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Lenticular clouds (Altocumulus lenticularis) are stationary lens-shaped clouds that form at high altitudes, normally aligned perpendicular to the wind direction. Due to their shape, they are often mistaken for Unidentified Flying Objects.
Where stable moist air flows over a mountain or a range of mountains, a series of large-scale standing waves may form on the downwind side. If the temperature at the crest of the wave drops to the dew point, moisture in the air may condense to form lenticular clouds.
n 1883, an Indonesian volcano named Krakatoa exploded. Scientists liken the blast to a 100-megaton nuclear bomb. Fully 600 km away, people heard the noise as loud as a cannon shot. Plumes of ash rose to the very top of Earth's atmosphere. And the moon turned blue.
Other less potent volcanos have turned the moon blue, too. People saw blue moons in 1983, for instance, after the eruption of the El Chichon volcano in Mexico. And there are reports of some caused by Mt. St. Helens in 1980 and Mount Pinatubo in 1991.
The key to a blue moon is having in the air lots of particles slightly wider than the wavelength of red light (0.7 micron)--and no other sizes present. This is rare, but volcanoes sometimes spit out such clouds, as do forest fires.
Whether you use the newer definition or the one from the Maine Farmer’s Almanac, a blue moon, while not common, happens on a regular basis. Either way, they occur approximately 7 times in a 19 year period.
Much less common is a double blue moon (2 in one year). That only happens once in the same 19 year period. They occur in January and March, thanks to the short month, February. The last double we saw was in 1999. The next will happen in 2018.
Originally posted by cosmicexplorer
Originally posted by NoNameBrand
Another great post.
what that guy said
both posts are fun....and a few of those things i had never heard of....anyone got photos of the fire lightning....like lightning during a volcano?
Lightning can also occur within the ash clouds from volcanic eruptions, or can be caused by violent forest fires which generate sufficient dust to create a static charge.
How lightning initially forms is still a matter of debate. Scientists have studied root causes ranging from atmospheric perturbations (wind, humidity, friction, and atmospheric pressure) to the impact of solar wind and accumulation of charged solar particles. Ice inside a cloud is thought to be a key element in lightning development, and may cause a forcible separation of positive and negative charges within the cloud, thus assisting in the formation of lightning.
Volcano Lightning - Wiki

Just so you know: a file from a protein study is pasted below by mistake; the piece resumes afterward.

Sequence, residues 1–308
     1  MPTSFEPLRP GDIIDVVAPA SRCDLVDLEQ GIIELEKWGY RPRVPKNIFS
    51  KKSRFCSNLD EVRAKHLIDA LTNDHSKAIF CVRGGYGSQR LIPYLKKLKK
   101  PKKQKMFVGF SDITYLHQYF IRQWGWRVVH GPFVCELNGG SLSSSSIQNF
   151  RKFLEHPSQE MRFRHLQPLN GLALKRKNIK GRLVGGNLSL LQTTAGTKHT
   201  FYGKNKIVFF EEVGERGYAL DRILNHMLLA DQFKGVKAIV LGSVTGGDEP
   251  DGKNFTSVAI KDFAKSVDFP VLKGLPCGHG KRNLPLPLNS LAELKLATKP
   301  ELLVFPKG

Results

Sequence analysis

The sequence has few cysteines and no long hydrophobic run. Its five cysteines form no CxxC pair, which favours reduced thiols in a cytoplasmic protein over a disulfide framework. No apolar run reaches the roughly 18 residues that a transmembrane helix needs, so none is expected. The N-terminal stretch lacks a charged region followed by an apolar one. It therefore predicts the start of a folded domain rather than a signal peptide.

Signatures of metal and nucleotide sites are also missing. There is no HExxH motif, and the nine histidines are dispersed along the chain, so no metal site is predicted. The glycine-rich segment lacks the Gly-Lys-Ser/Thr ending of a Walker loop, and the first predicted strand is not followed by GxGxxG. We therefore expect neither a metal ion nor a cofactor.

It comes as no shock that a potentially new type of volcanic lightning had long eluded scientists: The bolts can be as short as about 3 feet (1 meter) long and last just a few milliseconds.
But advanced instruments and a two-month heads-up allowed researchers to finally confirm the "teeny little sparks" during a recent eruption of Alaska's Redoubt Volcano. When Redoubt first began to rumble in late January 2009, volcanic seismologist Steve McNutt and colleagues scrambled to install various instruments near the volcano's vents.
Their quick efforts yielded unprecedented data when the mountain finally blew its top in March 2009.
McNutt, of the Alaska Volcano Observatory, had observed similar sparks during a 2006 eruption of Alaska's Augustine Volcano. The Redoubt Volcano data confirms the lightning's existence, he said.
The newfound bolts join two other types of volcanic lightning, McNutt said: Large, spectacular "natural fireworks" that sometimes accompany eruptions and an intermediate type, which shoots up from a volcano's vents and reaches a length of about 1.8 miles (3 kilometers).
Both types of bigger, more obvious bolts occur when water droplets and ice particles interact with the volcano's plume of electrically charged ash, creating a sort of "dirty thunderstorm," McNutt said.
It's unknown how the smaller sparks form, though one possibility is that electrically charged silica—an ingredient of magma—interacts with the atmosphere when it bursts out of Earth's crust, he said.
Still, it's hard to say if the sparks indeed represent a new type of lightning, noted Martin Uman, a lightning expert at the University of Florida in Gainesville. That's because lightning—basically any discharge of electricity—has no scientific definition.
No matter what you call them, the tiny sparks near volcanoes' vents may offer a safety benefit, added Uman, who was not involved in the Redoubt Volcano study.
When a volcano gives off a hint of an impending eruption—called a precursor event—scientists could set up instruments near the vents to detect sparks as an eruption begins, which would then alert officials even sooner, he said.
Such a warning could be critical for air traffic, since ash emitted by volcanoes is especially hazardous to jet engines.
There's also an aesthetic pleasure in watching lightning events: Any kind of volcanic lightning is just "supergorgeous," Uman said. "It's one of our best natural phenomena."
When it comes to volcanic eruptions, mile-high ash clouds and geysers of molten lava grab most of the attention.
But lightning often accompanies the blasts, and new research suggests that the electrical bolts may be part of a system dubbed a dirty thunderstorm.
Using radio waves to study the ash cloud, researchers have made some of the first direct observations of volcanic lightning. Their study reveals two distinct types of this poorly understood phenomenon and suggests it occurs due to "dirty thunderstorm" activity in the plume.
The study, to be reported tomorrow in the journal Science, describes some of the first direct observations made of volcanic lightning.